The British Museum is famous for its objects, which represent over 2 million years of human history and culture. The objects speak to us thanks to the experts who have helped to tell their stories for well over two centuries. This podcast takes a fresh look at some of the tales that have shaped the Museum’s story – both famous and less well known.
The Museum podcast #20: The Great Court at 20
This month we’re celebrating the 20th anniversary of the opening of the Great Court, so Sian and Francesca head to the archives to find out more about the building of this incredible space. Also from the archives we have an interview with Rentakill hawker Laura alongside Stella the Harris hawk, who used to frequent the Museum to try and rid the outside spaces of pesky pigeons. Curator Irving Finkel also talks about the history of chess and backgammon in excerpts first recorded for the Albukhary Foundation Gallery of the Islamic world.
The Museum podcast episode #19: the Arctic, Renaissance jewels and illicit antiquities
This month Hugo and Sushma check in with Amber Lincoln, lead curator of the Citi exhibition ‘Arctic: culture and climate’. They talk with Rachel King, curator of European Renaissance, about the Waddesdon Bequest and a special display of a 19th-century ewer. Finally, archaeologist Sebastien Rey describes a beautiful fragment that was illegally excavated in Iraq, that will be repatriated in December.
The Museum Podcast #18: Collection Care, Tantra and a return to the archive
This month hails Hugo and Sushma’s triumphant return – they are talking with Sandra Smith, head of Collection Care about how your breath helps objects in the galleries. Sushma chats with Imma Ramos, lead curator of our new Tantra exhibition, and Sian and Francesca meet in the archives once again to talk about the staff canteen, of all things.
The Museum podcast #17: National Programmes and afternoon tea
This month Sushma returns to presenting, talking with Maria Bojanowska, Dorset Foundation Head of National Programmes – they discuss the many ways the British Museum makes the collection accessible nationwide. Food historian Tasha Marks is back, this time taking a sip of history and looking at how afternoon tea came to be, and finally Lead Archaeologist Sebastien Rey gives an insight into which object he is most excited to see now that the Museum has reopened.
International Day for the Remembrance of the Slave Trade and its Abolition
The International Day for the Remembrance of the Slave Trade and its Abolition falls on 23 August.
To mark this date, Hartwig Fischer and Sushma Jansari are joined by guests Olivette Otele and Bonnie Greer to discuss the legacies of slavery, its impact on today’s society, and how museums should respond to these histories both now and in the future.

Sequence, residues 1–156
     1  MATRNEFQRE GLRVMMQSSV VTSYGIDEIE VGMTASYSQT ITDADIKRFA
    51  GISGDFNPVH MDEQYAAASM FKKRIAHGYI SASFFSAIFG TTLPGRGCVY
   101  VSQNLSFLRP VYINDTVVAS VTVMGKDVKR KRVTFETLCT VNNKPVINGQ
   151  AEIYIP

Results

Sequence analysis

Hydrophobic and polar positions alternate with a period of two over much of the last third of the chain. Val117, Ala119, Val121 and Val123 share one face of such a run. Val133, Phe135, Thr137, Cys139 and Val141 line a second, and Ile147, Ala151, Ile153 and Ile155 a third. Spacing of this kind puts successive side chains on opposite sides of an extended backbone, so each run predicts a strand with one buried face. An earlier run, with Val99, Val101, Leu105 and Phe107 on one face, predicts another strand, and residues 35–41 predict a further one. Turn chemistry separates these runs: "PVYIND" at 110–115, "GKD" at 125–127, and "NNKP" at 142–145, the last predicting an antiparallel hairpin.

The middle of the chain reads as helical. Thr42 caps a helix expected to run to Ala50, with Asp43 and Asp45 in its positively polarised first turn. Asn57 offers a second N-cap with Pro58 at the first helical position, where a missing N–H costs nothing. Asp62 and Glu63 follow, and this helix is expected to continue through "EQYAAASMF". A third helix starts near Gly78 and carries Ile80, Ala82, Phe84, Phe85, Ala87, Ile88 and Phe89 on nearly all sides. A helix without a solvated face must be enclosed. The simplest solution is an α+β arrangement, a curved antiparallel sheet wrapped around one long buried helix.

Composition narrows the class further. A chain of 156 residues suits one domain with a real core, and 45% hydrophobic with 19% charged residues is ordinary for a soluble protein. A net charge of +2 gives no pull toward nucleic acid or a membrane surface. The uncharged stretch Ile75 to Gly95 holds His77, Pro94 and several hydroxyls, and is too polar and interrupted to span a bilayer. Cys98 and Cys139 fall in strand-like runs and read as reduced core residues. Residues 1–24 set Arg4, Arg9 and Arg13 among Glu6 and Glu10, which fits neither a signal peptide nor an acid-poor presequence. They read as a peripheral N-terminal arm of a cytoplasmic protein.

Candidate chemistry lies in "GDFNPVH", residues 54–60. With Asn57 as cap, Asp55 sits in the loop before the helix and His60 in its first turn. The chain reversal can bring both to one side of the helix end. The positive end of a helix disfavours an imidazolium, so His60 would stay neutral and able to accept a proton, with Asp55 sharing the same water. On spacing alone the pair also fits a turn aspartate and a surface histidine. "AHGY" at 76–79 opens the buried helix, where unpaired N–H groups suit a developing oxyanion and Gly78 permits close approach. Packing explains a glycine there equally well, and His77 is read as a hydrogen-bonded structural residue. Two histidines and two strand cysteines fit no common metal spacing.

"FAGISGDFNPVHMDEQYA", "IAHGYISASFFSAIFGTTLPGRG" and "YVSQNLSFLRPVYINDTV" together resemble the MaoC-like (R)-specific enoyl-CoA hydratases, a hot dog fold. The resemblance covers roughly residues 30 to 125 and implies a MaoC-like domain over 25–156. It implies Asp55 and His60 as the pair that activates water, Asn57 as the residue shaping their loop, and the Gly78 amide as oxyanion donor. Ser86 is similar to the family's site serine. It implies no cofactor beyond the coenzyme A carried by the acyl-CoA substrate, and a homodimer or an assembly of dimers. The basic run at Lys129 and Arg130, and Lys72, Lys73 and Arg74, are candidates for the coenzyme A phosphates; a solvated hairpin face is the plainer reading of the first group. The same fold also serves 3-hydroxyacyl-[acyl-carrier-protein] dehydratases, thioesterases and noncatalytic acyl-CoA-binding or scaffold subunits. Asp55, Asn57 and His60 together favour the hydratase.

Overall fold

The wide-ranging conversation touches on how the British Museum engages with its own history, how it was shaped by empire, questions who ‘writes’ history, and reflects on how museums and institutions can widen access, increase diversity and co-curate effectively.
Bonnie Greer is a writer, playwright, broadcaster, critic and political commentator, and former Deputy Chair of the British Museum.
Olivette Otele is Professor of the History of Slavery at Bristol University and Vice-President of the Royal Historical Society and the Chair for Bristol’s Race Equality Commission.
The Museum Podcast Special: Sir Hans Sloane
In 1753, Sir Hans Sloane bequeathed his collection of over 70,000 objects to the nation, founding the British Museum’s collection, and those that would become the British Library and Natural History Museum.
His collection spanned from natural history specimens to ancient sculpture, plants and contemporary 18th-century objects. But Sloane’s collecting is tied closely to colonialism, empire and slavery – his family profited from sugar plantations in Jamaica worked by enslaved people, and some of the objects in his collection were also collected with assistance from enslaved people. So how do we navigate Sloane’s story in the 21st century?
Guests Miranda Lowe and James Delbourgo explore Sloane’s life, collecting and legacy with Hartwig Fischer and Sushma Jansari, and examine the role of slavery and enslaved people in his collection and collecting practices. They also consider how museums should respond to these histories and to figures like Sloane.
Miranda Lowe is Principal Curator and museum scientist at the Natural History Museum.
James Delbourgo is the James Westfall Thompson Distinguished Professor of History at Rutgers University, New Jersey.